Posted August 12, 2003 by publisher in Cuba Culture.
By KEVIN GRAY | Associated Press Writer
SANTO DOMINGO, Dominican Republic
The race for the most gold medals at the Pan American Games usually is between the United States and Cuba.
This year is no different.
“It’s again a struggle between the two countries,” said Rodrigo Alvarez Cambra, a Cuban delegation member. “May the best team win.”
Through 10 days of competition, the countries were running 1-2 in the hunt for gold in the latest chapter of a rivalry that plays out on baseball diamonds, gymnastics mats and boxing rings every four years at the regional championships.
Heading into Tuesday’s events, the United States had 69 golds to Cuba’s 53. The United States also held the top spot in overall medals with 167, compared to 110 for Cuba. Brazil was third with 75 medals, including 19 golds.
Some Cuban athletes couldn’t hide their excitement over their early gold rush. But they downplayed talk of a rivalry with the Americans, and instead focused on what one player called “team goals.”
“All week we’ve said our goal is to get more medals than we ever have,” said Cuban Yurisleidis Luepetey, who grabbed one in the women’s judo competition Sunday. “Just keep them coming ... that’s all I say.”
American officials said they had taken note of Cuba’s success. The Cubans swept gold in Greco-Roman wrestling, had strong performances in gymnastics and beat the U.S. women’s basketball team for the fifth time in a row to take the championship.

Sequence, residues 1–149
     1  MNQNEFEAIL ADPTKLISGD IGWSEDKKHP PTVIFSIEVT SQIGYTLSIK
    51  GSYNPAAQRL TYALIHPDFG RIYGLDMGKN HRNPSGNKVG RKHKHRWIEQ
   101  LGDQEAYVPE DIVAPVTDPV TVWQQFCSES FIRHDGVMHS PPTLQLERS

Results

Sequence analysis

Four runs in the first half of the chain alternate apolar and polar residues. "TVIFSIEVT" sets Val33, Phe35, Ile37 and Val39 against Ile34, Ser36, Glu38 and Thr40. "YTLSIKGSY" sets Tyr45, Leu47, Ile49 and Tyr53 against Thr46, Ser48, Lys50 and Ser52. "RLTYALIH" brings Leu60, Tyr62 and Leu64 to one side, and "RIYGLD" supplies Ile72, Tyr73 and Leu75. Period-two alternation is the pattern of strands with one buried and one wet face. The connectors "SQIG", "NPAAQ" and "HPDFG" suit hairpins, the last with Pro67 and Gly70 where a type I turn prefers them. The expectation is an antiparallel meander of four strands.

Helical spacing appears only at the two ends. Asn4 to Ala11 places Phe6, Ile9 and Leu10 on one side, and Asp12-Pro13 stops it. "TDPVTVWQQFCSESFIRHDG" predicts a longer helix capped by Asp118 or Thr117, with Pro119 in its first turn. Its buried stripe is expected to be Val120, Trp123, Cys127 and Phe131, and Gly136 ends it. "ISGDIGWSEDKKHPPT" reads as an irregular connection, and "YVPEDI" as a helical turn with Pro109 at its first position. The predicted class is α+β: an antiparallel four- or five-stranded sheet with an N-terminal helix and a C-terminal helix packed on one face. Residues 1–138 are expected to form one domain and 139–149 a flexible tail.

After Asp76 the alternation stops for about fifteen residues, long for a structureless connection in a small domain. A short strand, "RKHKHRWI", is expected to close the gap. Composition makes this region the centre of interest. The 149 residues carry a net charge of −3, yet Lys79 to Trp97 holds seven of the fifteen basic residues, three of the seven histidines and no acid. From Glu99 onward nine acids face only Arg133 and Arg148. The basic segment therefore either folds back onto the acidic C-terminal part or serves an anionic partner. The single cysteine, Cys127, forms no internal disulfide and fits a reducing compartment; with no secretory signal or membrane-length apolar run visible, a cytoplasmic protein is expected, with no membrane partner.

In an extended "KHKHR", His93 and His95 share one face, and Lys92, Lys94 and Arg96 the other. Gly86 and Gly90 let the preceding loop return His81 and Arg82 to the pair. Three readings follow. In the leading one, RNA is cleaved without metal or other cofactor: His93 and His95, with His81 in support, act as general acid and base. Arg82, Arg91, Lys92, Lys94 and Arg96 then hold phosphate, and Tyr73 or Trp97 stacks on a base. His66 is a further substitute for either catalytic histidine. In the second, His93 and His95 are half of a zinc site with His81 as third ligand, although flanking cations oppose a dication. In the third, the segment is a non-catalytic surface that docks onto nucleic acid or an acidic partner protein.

The two countries also face off in Tuesday’s baseball final, with Cuba hoping for a ninth straight gold medal at the games.
“The sports on the early part of program are the ones they generally do well in,” U.S. Olympic Committee spokesman Darryl Seibel said. “Cuba always sends competitive teams to the Pan American Games, and they’ve done that again here.”
The Cubans got off to a rolling start last week, winning all seven finals in Greco-Roman wrestling, including a key victory by Mijian Lopez over American Rulon Gardner, the 2000 Olympic champion.
In gymnastics, Eric Lopez took four individual golds - in pommel horse, rings, vault and parallel bars - to take his overall tally to six golds. Cuba also won all four in judo.
The United States, meanwhile, has had inspired showings in track and field and shooting. The Americans took first in the men’s and women’s 400-meter relays, and the women’s 1,600 relay. The United States also swept the 100 for the first time since the 1987 Pan Ams.
However, the next few days of competition will offer the United States an opportunity to widen its lead. Swimming events offer 30 medals in a sport typically dominated by the Americans. U.S. swimmers took three of the five golds up for grabs Monday.
“They have a big advantage there,” Alvarez Cambra said. “That’s probably one of our weak points. We’ll just be hoping to hold on to our second place in the golds.”
Indeed, that is how the two countries have finished in the previous two games. In Winnipeg four years ago, the United States took 106 golds to Cuba’s 69.
Cuba has only beaten the United States once in total golds in recent competition. In 1991, when the games were held in Havana, Cuba carried away 140 gold medals, 10 more than the Americans.
Still, officials from both countries said they have reason to cheer.
“I think we’ve fared very well so far,” Seibel said.
“Our success makes Cubans happy,” Alvarez Cambra said. “They’re watching most of the games live back in Cuba, where I’m sure everyone is celebrating.”
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